Now regarded as one of the finest cellists of the younger generation, Alexander Chaushian has performed extensively throughout the world. As a soloist with orchestra his appearances include the Vienna Chamber Orchestra at Vienna’s Konzerthaus and at the Bruchnerhaus in Linz, as well as with the London Mozart Players and the Philharmonia Orchestra in London, the Orchestre de la Suisse Romande, the Royal National Orchestra of Belgium, Les Solistes Européens de Luxembourg in a gala concert conducted by Yehudi Menuhin, the Boston Pops Orchestra at Boston Symphony Hall, and the Armenian Philharmonic Orchestra at Carnegie Hall.
Alexander has given recitals at the Harrogate Festival in England , the Kuhmo International Festival in Finland , La Jolla Festival in the USA , the Théâtre du Châtelet in Paris , and in Montpellier as recipient of the Beracasa Foundation Prize of the Radio-France and in Montpellier Festival. Currently he is the Artistic Director of the International Pharos Chamber Music Festival in Cyprus and the Yerevan Music Festival in Armenia .
Born into a family of musicians, Alexander Chaushian started to play the cello at the age of seven. After initial studies with his grandfather, Alexander Chaushian Sr, and Zare Sarkisian, he studied at the Yehudi Menuhin School with Melissa Phelps and at the Guildhall School of Music and Drama in London as a student of Oleg Kogan . He then pursued advanced studies at the Hochschule für Musik Hanns Eisler in Berlin with the late Boris Pergamenschikow and later with David Geringas, graduating with distinction in 2005.
Alexander Chaushian won First Prize in the Premio Mozart Competition in Verona , Italy , and First Prize in the International Music Competition in Holland . He received the Guilhermina Suggia Gift in London – a grant awarded to outstanding string players – on three occasions. He was awarded the Orchestra of New England Soloist Prize, as well as the first Summis Auspiciis Prize of Young Concert Artists in New York . He was the recipient of the Anna Instone Memorial Award sponsored by Capital Radio. In the 12 th International Tchaikovsky Competition in Moscow . Alexander Chaushian was awarded 3 rd prize, and he won the special prize given by the Munich Chamber Orchestra at the Internationaler Musikwettbewerb der ARD in Germany in September 2005.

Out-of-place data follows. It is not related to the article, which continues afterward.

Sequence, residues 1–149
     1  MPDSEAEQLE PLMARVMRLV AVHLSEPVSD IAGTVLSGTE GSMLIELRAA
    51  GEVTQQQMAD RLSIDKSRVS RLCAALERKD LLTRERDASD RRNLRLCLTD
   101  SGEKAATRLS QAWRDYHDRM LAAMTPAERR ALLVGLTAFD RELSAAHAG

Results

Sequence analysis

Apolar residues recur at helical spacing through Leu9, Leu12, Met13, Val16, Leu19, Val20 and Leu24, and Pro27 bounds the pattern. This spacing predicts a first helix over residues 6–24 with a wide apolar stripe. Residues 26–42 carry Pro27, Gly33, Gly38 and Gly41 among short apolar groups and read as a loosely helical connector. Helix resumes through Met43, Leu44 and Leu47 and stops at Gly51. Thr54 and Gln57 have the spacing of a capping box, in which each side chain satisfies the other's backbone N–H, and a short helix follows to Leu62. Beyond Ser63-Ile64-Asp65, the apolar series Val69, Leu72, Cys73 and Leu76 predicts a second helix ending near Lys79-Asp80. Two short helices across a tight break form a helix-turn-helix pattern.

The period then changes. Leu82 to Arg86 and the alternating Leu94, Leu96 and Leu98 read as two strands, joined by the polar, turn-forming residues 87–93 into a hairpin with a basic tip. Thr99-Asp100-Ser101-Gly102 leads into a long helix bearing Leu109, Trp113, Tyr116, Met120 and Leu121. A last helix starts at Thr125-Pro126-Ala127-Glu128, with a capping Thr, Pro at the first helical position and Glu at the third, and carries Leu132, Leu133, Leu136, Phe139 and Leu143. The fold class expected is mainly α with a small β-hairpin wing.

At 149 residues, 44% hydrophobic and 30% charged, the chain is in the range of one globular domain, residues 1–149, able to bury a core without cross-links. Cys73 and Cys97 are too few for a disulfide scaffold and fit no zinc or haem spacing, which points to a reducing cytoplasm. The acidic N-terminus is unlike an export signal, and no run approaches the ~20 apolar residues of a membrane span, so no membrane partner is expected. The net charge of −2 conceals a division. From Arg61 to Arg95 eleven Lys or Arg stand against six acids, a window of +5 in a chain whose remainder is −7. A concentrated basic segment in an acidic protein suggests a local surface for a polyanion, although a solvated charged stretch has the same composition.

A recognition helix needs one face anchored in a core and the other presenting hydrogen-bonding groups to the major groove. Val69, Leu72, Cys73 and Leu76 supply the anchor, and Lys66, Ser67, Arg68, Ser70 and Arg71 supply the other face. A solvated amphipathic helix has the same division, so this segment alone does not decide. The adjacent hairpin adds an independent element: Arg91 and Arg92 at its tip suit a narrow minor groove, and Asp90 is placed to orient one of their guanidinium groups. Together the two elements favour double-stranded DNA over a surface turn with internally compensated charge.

Alexander Chaushian has collaborated with many distinguished musicians such as Levon Chilingirian, Dmitri Sitkovetsky, and Phillippe Cassard, Yuri Bashmet, Diemut Poppen and Julia Fischer. Alexander’s regular chamber music partners include Ashley Wass and Yevgeny Sudbin.
Alexander’s recent projects include numerous concerts and recordings. He has performed highly acclaimed concerts at Wigmore Hall , the Queen Elizabeth Hall, the Royal Festival Hall as soloist with the Philharmonia Orchestra, the Barbican with The Academy of St Martin’s in the Field and the Royal Philharmonic Orchestra, the Sala Verdi, Milan with the Padova Chamber Orchestra, as well making his highly successful debut at the Suntory Hall, Japan.
Alexander Chaushian as recorded Shostakovich’s Cello Sonata for Performance Channel television, and made a recording of the Wim Zwaag’s Cello Concerto with the Nürnberger Symphoniker. Alexander’s solo debut recording for the BIS label of Weinberg’s Sonatas in which he is partnered by Yevgeny Sudbin, was recently released to much acclaim. Other recordings for BIS of Rachmaninov and Shostakovich, as well as a concerto project with the Armenian Philharmonic Orchestra, are now planned. His future recital engagements include appearances in the Wigmore Hall Series in London .
New York Times
“A highly accomplished performer, proficient in everything…poignant yet also noble in tone, given nobility by Mr Chaushian’s firmly sustained phrasing. He can be dexterous and he can be insistent, and he can be both at once.”
“Silky shaded tone from Chaushian”
East Anglian Daily Times
“mixing the sweetest, most delicate lyricism one minute, with strong intensive bowing in the next … a miracle of delicacy…Genius!
“the phrasing was to die for and the notes in diminution were strings of pearls: it was outrageously wonderful! We are lucky in London to hear Chaushian so often, although never often enough in both chamber and solo repertoire, as I see him in the not too distant future proving to be one of the most sought after cellists on the planet.”
Los Angeles Times
“Chaushian brought abiding lyricism and ample technique to Saint-Saëns First Cello Concerto”
“with a powerful bow arm, an impeccable technique …he brought virtually the whole audience to its feet.
“Chaushian’s flawless technique and the sheer rich joy of his tone…”